Apprenticeship Aims To Grow State's Next Generation Of Farmers

March 02 2015 | Apprenticeship

Joe Tomandl, III discusses the importance of new farmer training for Wisconsin's dairy indsutry on WPR's Central Time.

With the average age of the Wisconsin farmer now roughly 60 years old, a $1 million [$750,000] federal grant* will help form a new apprenticeship program to grow the next generation of farmers in an effort to help preserve the state's status as America's Dairyland.

The Dairy Grazing Apprenticeship was one of two statewide organizations awarded the money from the U.S. Department of Agriculture. With the help of the Wisconsin Department of Labor, the organization developed a two-year, fully accredited education program that will partner apprentices with master's degrees in organic farming.

Joe Tomandl, program director at the Dairy Grazing Apprenticeship, said the program will fight back against dwindling interest in the profession and decreased land succession rates, as well as help farmers face significant challenges in regards to training and ownership.

A thriving agricultural industry is important to the state's economic vitality. Wisconsin is home to 76,000 farms, with 15 million acres of farmland generating nearly $60 billion in economic activity annually, according to the state's Department of Agriculture.

“Our dairy farms are the backbones of a lot of rural communities and communities in general. We still have a very strong, robust dairy industry in the state, but it's supported by fewer farms with a lot more cows,” Tomandl said.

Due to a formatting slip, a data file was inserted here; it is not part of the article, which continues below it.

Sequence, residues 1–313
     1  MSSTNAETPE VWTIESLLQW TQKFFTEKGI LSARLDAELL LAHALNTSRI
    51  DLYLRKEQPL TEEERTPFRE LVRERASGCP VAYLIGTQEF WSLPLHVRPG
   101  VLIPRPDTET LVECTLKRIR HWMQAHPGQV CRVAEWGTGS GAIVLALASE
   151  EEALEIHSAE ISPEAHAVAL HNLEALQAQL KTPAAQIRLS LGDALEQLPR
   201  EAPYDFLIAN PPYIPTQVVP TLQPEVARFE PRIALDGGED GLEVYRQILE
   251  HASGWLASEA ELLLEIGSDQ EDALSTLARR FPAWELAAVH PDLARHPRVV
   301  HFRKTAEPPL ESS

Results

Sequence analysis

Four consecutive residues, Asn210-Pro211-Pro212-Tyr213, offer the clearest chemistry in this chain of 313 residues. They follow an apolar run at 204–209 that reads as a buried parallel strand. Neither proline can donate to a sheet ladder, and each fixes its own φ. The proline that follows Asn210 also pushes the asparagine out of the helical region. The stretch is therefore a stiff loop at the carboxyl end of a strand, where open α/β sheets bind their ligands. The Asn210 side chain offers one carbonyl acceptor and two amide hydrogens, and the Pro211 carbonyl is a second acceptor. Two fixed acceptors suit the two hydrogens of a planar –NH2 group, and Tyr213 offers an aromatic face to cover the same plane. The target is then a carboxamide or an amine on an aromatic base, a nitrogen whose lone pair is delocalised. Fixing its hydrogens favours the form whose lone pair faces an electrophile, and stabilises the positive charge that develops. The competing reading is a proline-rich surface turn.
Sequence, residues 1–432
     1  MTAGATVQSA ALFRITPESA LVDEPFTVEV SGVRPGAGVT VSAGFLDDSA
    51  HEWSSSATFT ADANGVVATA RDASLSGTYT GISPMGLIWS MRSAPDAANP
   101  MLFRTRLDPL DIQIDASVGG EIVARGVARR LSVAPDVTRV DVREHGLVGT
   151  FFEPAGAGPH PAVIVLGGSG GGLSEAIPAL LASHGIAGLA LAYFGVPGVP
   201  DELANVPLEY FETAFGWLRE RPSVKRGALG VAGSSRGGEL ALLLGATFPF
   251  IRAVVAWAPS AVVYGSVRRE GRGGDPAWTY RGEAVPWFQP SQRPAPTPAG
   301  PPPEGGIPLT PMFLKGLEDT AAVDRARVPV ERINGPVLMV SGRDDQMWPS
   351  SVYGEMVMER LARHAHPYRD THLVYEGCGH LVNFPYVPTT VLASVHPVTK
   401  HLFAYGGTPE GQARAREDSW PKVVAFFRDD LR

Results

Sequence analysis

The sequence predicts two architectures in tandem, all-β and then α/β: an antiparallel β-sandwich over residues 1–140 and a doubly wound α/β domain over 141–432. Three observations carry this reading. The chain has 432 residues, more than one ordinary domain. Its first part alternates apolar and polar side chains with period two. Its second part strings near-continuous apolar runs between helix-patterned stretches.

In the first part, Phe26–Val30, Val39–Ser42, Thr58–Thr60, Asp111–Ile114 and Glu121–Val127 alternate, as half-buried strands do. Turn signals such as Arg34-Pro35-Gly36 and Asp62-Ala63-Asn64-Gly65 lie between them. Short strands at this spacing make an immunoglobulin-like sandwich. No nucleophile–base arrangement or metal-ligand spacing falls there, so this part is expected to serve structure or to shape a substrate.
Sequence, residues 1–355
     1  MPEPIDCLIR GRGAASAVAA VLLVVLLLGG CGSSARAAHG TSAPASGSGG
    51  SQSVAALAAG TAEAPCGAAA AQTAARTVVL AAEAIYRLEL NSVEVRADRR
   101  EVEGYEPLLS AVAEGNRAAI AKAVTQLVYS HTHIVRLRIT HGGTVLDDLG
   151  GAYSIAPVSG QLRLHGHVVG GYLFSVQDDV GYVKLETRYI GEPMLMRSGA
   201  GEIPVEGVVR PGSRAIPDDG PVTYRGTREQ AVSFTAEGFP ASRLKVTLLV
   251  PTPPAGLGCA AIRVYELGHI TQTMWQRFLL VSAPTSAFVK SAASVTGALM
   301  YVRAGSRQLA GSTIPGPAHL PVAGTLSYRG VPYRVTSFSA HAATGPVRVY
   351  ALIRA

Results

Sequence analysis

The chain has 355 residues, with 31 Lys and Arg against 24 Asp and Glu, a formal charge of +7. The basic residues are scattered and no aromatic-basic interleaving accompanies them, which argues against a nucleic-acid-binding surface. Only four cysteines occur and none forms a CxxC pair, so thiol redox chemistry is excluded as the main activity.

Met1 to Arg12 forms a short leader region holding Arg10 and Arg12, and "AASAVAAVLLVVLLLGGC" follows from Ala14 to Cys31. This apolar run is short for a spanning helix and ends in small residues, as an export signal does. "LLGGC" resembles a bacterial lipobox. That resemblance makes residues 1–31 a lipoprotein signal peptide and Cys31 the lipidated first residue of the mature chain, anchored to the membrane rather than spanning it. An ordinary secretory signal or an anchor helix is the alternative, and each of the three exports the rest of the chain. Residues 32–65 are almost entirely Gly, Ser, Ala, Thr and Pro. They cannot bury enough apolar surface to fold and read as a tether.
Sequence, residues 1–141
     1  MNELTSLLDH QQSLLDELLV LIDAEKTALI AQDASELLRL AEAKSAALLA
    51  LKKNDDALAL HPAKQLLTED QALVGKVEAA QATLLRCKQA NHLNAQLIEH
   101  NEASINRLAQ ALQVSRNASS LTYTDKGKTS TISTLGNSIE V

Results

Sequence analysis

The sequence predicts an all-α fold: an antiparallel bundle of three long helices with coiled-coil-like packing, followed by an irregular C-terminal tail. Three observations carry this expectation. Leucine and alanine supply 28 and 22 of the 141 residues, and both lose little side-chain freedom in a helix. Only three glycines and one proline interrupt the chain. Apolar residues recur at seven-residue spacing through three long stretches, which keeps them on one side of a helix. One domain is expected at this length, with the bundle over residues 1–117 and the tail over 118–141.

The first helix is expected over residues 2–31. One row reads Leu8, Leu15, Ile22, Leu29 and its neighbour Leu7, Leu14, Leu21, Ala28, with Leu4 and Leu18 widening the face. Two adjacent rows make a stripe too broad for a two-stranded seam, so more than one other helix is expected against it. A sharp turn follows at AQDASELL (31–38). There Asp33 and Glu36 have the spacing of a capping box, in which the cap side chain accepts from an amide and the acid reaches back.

The hands-on experience will allow apprentices to earn wages as they learn everything from ear-taking to handling calves, all the way up to feed budgeting and inventory.

“The farms that we're talking about are real living biological systems and they take a lot of knowledge and a lot of experience. There's a lot of money to be made or lost if you don't do things correctly,” Tomandl said.

The apprenticeship is the first of its kind in the nation, said Tomandl, and part of the grant money will help develop a model to implement across the country.

Tomandl said he's wasted no time to recruit potential candidates.

“Dairy farming offers a lot,” he said. “It is an independent business. It is something for individuals who really want to take pride in what they do, create a business, work with people, work with the land and animals, and be a good steward of the environment. It's really fulfilling and it's a real, genuine occupation.”

*Note: $250,000 of the $1 million in grant funded was awarded to Growing Power, a Milwaukee-based organization that supports local food systems by training urban and peri-urban farmers in sustainable practices.

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